Camping somewhere along the Buford-New Castle Road
Of course, we encountered a few unpredictable challenges along the way. Despite preparations, there’s only so much one can do to anticipate the unexpected on adventures like this. There’s no perfect setup or gear list that’s going to make it easy if (when) things go sideways. I’ve come to realize that being adaptable is a crucial part of bikepack adventuring, and managing my own mindset around challenges enhances the overall experience. When things come up, managing the situation with ease and as best I can provides an empowering sense of achievement, and is a reason I keep coming back to bikepacking. It can be hard as hell sometimes, but the feeling related to that kind of achievement is somewhat addicting. Still, I’ll admit that I’m working on refining my ability to embrace unexpected challenges, and this trip was no exception. On this trip we faced a couple of punches – namely, mud and torrential cold rain on Ripple Creek Pass, and some fatigue towards the end of the ride.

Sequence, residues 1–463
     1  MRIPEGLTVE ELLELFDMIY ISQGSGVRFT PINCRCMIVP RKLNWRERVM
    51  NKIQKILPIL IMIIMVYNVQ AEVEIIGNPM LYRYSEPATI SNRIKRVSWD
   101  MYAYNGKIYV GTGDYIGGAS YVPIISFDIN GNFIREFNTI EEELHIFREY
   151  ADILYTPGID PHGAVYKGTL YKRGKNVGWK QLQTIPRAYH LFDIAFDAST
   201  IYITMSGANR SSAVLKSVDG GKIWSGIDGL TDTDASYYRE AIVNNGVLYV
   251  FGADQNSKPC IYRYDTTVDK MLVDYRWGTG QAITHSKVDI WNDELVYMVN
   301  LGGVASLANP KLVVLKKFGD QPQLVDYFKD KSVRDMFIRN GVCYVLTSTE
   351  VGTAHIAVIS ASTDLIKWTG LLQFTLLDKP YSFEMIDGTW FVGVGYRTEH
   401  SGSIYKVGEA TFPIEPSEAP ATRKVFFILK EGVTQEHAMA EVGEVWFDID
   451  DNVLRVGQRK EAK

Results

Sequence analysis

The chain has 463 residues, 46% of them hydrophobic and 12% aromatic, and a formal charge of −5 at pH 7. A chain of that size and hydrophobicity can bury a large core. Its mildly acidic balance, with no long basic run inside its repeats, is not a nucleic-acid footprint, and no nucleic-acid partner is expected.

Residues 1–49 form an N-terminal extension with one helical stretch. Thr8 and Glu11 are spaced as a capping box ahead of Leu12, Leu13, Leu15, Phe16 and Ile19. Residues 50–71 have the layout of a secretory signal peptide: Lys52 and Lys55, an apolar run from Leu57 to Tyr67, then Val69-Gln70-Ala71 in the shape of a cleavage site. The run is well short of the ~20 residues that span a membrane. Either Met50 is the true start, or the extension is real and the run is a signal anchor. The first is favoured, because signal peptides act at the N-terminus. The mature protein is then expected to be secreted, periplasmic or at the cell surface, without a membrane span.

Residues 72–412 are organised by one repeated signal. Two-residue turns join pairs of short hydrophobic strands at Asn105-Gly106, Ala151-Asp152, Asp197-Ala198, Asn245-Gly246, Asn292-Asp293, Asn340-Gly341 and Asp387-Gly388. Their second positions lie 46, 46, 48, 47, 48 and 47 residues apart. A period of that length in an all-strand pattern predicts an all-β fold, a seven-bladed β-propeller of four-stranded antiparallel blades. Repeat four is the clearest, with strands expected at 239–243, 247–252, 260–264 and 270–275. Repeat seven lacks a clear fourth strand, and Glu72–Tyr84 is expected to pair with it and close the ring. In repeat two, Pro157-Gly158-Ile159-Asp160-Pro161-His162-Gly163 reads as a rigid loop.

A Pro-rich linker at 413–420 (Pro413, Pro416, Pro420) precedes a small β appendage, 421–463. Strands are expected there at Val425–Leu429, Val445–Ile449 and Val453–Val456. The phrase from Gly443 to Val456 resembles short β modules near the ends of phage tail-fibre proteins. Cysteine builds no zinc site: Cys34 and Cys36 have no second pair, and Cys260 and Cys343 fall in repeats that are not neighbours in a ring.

On Day 1, we rerouted part of the planned route due to muddy conditions. Not a major issue, but it did set us back a bit on time. We also encountered a sudden and intense rainstorm while ascending Ripple Creek Pass. If I had been on my own, I probably would have sought shelter in the one campground pit toilet spotted along the way. However, Brad’s determination to keep pushing forward led me to follow suit. The temperature dropped significantly, reaching near-freezing levels toward the top. Brad, always the considerate husband, offered me his puffy jacket to wear under my rain gear, sparing me the trouble of rummaging through my bag to find mine. Luckily the rainstorms in Colorado tend to roll out of the mountains as quickly as they roll in, so although the descent from Ripple Creek pass was quite chilly, it finally stopped raining and we were able to dry out after the descent.